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Managing Comment Spam

You make an excellent page. Custom designed, representing the perfect you, in as much as the perfect you can be distilled into ones and zeroes. You have a clever idea for a blog, fully of ironic textlinking and witty captions. You post it. You advertise on Twitter and Facebook. You even share it on Google+. You are sitting back, watching your pageviews skyrocket on the Jetpack plugin for Wordpress, marvelling at the hordes of visitors reading your blog post: people from Florida, Barcelona, Vietnam, etc. You open your email, satisfied with an argument well-crafted, a digital document well-designed. You see that you have 5 comments pending approval on Wordpress and you think, “I'm in the big leagues now.”

Turns out that the commenter of all five comments has the name “maillot de foot” and an IP address in Senegal or Czeckeslovakia or Ohio. The comment reads “This exceptional blog post is good for you. If not getting visitos… please FOLLOW LINK for prime time seo.” You see another advertising “enhancement” products. Guess what? YOU GOT SPAMMED.

Don't panic. You (probably) haven't been hacked. You will be able to mark these pending comments as spam (this is the default option for almost all CMS frameworks such as Wordpress, though not for Weebly, so make sure you get to approve comments before you publish your page). Just reject it using the link in your email or on your CMS dashboard. You are going to get spammed if you have anything someone can type into on your site (comments, registrations, messageboards).

Luckily, you can make it (mostly) go away with a well-chosen plugin. Using standard CAPTCHA is fine, though it is flawed, especially because it can also filter out regular visitors to your site who are visually impaired. Try Bad Behavior 2 and/or Akismet (Akismet is already installed by default on Wordpress, but you have to activate it (click Plugins, then find Akismet and activate it).


To get started we need to install a plugin. To do this, we'll start at the Dashboard.

Navigate to Plugins > Installed Plugins.

At or near the top of the list of plugins that are automatically installed in a new WordPress installation is Akismet. It is not activated, so part of the process of getting Akismet is activating the plugin. Before you activate it, however, you need to get something that might sound somewhat strange to you: an API key. API stands for Application Programming Interface, and it's a way for programs and services to “talk” to each other. The Akismet plugin requires you to get an Akismet API Key, which is simply a “code” that you supply when activating the plugin. The key is free if you use it on a personal WordPress installation, and you can get there by clicking on the link in the description of the plugin, or just go to the Akismet website.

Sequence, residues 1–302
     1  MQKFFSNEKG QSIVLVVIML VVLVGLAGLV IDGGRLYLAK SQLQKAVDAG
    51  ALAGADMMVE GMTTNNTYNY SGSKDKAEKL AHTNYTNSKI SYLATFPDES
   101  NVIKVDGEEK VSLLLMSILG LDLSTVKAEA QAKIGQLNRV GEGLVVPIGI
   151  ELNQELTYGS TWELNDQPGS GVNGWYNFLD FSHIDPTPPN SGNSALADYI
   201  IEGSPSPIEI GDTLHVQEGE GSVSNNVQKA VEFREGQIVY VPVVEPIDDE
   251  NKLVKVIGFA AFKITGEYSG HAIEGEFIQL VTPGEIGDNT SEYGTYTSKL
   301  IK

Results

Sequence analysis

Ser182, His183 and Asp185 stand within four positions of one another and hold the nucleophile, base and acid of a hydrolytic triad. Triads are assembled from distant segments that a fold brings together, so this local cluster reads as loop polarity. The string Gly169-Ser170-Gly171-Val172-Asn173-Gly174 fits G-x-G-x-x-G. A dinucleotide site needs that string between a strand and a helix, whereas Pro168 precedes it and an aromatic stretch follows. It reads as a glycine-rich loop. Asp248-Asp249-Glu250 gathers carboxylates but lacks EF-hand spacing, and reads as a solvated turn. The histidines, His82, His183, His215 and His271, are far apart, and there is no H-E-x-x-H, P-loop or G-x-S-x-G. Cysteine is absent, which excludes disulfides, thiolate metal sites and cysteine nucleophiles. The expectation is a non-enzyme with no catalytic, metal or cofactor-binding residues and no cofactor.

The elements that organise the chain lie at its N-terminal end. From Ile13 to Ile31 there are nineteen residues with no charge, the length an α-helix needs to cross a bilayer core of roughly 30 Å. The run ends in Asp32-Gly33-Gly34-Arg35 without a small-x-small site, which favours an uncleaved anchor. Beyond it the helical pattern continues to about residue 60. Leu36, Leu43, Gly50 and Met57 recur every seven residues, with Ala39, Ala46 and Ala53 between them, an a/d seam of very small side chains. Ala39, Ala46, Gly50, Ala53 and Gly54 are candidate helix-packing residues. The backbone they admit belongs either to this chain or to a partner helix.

Once you arrive on the Akismet for WordPress site, click the Get an Akismet API key button.

If you have an account at you can sign in with that login and get your key. Otherwise, fill in an email address, a username, and a password to use for a new account. Click the Sign up button to proceed.

On the next screen, you'll select what type of plan you need. Click on the sign up button under “personal, non-commercial sites” (if you want the free version of the plugin).

On the next page they list a recommended donation. You can adjust the slider down to $0. The smiley face will begin to frown, but at least your key will be free. You will also need to fill in your name for contact information and click Continue.

That's it, you're done! You're finished with the sign up process for your key, and it will be displayed on the page for you (we've blurred ours out). Now follow the steps that they show you for using your new key. You will enter the key in either the Akismet area under Plugins or JetPack (if you have that installed).

An additional note: If you installed Wordpress through Domain of One's Own using Installatron you will also have another spam plugin “Cookies for Comments” activated automatically which helps to catch spam that Akismet might not.

wordpress/managing_comment_spam.txt · Last modified: 2015/06/04 19:25 (external edit)